As suggested by the ground-breaking 1978 Alma-Ata Declaration, integrating maternal, newborn and child health services into primary health care can be an effective strategy for reducing health inequities—particularly socioeconomic and geographic disparities—by delivering care at the community level.
World Water Day is a reminder to the public health community that more than 600 million people around the globe do not have a safe water source nearby. Water, sanitation and hygiene (WASH) play a crucial role in improving maternal health outcomes during pregnancy, delivery and postpartum.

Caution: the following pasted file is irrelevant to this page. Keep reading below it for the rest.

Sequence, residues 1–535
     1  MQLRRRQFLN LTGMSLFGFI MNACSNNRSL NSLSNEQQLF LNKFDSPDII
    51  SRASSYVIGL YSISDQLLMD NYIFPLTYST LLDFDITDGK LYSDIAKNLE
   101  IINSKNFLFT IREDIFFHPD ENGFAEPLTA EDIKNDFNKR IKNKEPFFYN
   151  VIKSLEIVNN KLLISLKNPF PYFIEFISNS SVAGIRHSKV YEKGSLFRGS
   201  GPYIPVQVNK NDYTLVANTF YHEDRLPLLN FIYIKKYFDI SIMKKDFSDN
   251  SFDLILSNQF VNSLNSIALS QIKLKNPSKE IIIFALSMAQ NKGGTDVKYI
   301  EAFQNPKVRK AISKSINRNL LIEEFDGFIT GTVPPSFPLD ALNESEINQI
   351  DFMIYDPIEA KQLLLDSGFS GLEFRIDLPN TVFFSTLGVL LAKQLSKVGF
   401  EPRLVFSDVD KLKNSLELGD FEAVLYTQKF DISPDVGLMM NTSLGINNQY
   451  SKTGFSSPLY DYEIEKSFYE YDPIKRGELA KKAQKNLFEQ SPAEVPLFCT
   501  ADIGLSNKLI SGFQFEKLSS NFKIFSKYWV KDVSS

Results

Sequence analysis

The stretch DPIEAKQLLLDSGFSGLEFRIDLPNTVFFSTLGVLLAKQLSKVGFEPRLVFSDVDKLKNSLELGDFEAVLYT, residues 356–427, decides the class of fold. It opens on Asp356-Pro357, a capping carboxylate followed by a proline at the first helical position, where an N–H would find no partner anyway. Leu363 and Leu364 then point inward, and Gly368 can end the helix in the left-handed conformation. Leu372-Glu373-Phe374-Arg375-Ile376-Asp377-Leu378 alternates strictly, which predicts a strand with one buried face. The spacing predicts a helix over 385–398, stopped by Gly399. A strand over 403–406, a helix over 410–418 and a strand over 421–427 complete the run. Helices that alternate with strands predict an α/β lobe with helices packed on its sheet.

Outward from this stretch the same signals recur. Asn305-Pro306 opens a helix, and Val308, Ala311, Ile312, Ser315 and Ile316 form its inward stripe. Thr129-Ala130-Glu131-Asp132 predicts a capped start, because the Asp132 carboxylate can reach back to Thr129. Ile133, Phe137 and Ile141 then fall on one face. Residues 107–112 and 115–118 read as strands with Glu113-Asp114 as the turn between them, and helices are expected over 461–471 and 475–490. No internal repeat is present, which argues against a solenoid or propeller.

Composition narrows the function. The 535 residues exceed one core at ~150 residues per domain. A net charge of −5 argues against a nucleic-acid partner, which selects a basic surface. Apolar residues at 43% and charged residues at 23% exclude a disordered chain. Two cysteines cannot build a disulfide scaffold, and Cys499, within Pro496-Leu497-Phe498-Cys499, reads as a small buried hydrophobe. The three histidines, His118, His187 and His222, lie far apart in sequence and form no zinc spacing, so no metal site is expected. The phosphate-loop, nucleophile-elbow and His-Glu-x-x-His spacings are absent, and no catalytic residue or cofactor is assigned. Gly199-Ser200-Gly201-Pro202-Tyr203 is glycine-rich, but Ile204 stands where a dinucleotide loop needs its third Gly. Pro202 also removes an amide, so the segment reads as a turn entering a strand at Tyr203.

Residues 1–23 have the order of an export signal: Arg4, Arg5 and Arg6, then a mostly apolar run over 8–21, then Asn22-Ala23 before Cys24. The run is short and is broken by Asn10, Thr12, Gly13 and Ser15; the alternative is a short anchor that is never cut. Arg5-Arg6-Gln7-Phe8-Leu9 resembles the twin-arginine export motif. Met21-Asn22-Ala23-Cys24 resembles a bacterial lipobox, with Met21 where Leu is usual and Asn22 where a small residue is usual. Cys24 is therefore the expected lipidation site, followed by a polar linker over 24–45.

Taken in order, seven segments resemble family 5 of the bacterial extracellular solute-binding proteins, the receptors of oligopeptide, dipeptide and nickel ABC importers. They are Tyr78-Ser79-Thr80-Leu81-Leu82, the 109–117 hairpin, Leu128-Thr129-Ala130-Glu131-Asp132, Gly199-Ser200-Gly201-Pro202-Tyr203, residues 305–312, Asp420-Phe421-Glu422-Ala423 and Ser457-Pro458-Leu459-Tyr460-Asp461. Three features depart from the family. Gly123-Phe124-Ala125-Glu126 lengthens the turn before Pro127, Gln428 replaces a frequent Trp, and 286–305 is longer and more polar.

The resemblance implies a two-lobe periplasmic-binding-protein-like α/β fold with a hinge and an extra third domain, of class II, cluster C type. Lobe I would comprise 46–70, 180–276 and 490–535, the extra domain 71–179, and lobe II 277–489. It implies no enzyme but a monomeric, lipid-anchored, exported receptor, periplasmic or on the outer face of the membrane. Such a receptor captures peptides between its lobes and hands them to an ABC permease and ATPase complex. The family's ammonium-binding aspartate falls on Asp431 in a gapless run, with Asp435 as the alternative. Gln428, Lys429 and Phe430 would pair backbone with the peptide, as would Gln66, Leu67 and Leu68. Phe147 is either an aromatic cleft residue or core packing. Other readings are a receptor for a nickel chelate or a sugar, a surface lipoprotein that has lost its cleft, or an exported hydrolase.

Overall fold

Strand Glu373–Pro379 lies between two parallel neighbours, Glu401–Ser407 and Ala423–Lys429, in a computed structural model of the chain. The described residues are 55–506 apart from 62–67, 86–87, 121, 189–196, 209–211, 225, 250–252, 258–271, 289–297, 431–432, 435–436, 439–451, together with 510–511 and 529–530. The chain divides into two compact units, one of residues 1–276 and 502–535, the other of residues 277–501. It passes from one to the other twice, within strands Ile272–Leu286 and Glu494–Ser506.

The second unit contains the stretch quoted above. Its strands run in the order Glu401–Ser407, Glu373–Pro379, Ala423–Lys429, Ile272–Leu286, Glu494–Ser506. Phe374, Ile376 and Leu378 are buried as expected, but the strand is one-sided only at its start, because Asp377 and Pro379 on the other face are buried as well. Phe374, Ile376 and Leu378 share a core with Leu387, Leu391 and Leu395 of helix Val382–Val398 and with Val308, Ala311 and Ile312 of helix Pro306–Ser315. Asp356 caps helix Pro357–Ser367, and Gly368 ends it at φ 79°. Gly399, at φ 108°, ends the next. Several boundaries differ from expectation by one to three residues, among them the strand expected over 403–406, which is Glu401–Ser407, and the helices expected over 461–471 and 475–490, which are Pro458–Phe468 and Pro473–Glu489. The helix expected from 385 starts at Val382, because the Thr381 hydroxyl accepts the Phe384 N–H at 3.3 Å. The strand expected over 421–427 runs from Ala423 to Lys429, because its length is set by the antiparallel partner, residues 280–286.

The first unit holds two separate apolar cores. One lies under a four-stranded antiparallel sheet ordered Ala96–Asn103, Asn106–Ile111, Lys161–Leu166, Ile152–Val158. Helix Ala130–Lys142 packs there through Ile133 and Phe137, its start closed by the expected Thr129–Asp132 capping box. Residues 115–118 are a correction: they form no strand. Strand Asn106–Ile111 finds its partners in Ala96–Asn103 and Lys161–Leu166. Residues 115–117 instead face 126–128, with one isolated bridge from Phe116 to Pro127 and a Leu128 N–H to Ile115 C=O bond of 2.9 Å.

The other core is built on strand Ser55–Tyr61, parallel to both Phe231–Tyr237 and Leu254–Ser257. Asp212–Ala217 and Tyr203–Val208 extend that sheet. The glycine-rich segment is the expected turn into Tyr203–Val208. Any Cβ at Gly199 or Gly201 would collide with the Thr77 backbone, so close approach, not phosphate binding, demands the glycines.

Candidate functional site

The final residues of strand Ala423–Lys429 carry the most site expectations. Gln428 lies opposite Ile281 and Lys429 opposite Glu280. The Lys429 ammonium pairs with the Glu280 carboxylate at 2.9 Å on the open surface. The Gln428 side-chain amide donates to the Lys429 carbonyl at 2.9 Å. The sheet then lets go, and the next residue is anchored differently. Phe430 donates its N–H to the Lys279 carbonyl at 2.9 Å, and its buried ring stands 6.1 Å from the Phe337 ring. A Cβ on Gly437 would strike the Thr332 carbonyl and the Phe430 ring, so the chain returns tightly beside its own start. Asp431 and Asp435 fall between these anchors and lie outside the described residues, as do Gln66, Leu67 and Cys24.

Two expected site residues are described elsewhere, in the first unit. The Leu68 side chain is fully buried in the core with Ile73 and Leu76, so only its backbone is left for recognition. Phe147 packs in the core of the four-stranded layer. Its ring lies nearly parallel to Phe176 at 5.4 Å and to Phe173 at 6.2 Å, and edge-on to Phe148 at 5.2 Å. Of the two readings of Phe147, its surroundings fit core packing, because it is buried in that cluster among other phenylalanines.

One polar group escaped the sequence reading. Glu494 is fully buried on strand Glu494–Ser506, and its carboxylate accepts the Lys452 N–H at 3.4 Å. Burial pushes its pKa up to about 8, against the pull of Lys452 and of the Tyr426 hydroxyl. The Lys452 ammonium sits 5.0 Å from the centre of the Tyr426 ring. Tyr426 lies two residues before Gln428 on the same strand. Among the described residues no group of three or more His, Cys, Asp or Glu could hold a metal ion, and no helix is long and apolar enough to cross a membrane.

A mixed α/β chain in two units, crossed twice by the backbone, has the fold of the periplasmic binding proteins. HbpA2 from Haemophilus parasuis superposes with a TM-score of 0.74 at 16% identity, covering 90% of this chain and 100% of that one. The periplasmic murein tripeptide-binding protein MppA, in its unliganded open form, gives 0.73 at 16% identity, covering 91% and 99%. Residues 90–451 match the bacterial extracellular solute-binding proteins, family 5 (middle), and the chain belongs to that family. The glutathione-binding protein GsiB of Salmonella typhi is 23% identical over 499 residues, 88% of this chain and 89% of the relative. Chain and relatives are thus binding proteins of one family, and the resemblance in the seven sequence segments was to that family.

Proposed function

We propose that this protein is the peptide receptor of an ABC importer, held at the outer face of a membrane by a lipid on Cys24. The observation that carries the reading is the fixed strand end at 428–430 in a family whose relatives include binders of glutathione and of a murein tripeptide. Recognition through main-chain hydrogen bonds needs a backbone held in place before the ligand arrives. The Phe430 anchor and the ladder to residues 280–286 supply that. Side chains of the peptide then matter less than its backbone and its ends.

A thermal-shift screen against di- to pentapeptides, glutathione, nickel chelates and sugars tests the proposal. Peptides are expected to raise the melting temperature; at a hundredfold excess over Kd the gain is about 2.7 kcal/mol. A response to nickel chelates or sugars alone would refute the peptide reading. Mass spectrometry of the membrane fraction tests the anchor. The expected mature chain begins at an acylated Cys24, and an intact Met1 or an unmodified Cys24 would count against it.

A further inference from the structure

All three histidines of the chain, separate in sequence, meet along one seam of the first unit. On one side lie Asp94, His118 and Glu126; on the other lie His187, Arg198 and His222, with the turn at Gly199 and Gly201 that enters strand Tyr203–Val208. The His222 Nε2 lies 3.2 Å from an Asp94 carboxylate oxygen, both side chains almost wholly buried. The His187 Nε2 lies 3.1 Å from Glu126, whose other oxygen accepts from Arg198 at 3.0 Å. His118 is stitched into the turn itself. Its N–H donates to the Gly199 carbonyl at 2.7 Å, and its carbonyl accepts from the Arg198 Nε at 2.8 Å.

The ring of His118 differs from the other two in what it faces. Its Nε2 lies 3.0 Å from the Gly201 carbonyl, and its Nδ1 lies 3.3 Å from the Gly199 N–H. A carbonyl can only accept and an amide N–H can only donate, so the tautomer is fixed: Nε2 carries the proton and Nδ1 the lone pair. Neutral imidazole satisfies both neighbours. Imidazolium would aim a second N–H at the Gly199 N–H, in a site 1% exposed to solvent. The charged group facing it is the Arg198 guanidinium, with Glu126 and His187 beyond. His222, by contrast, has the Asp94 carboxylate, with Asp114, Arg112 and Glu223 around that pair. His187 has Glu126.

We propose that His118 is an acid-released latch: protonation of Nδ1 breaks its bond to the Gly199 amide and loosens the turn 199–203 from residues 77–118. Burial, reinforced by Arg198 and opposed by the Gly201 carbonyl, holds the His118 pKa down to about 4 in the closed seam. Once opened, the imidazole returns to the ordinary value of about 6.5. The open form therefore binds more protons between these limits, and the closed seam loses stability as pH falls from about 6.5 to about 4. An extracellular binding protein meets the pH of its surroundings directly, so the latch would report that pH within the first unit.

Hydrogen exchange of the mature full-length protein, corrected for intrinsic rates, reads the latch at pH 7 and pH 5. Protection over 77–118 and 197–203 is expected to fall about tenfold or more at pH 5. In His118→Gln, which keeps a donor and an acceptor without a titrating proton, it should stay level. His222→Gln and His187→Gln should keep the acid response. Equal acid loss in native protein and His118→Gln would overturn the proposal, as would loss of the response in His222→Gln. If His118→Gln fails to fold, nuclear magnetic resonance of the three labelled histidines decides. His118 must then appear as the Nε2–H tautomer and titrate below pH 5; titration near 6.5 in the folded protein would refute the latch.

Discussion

All women deserve respectful, culturally sensitive, women-centered care that takes into account how, where and with whom they want to receive maternal health care. In order to ensure that this happens, health systems must meet women where they are—both literally and figuratively. Community-based approaches can be effective strategies for providing women with the kind of care they want and need in the place they choose.
As part of the Advancing Dialogue Series on Maternal Health Series, the Wilson Center hosted a discussion to review findings from the "Midwives' Voices, Midwives' Realities" report and explore implications for global maternal and newborn health...read more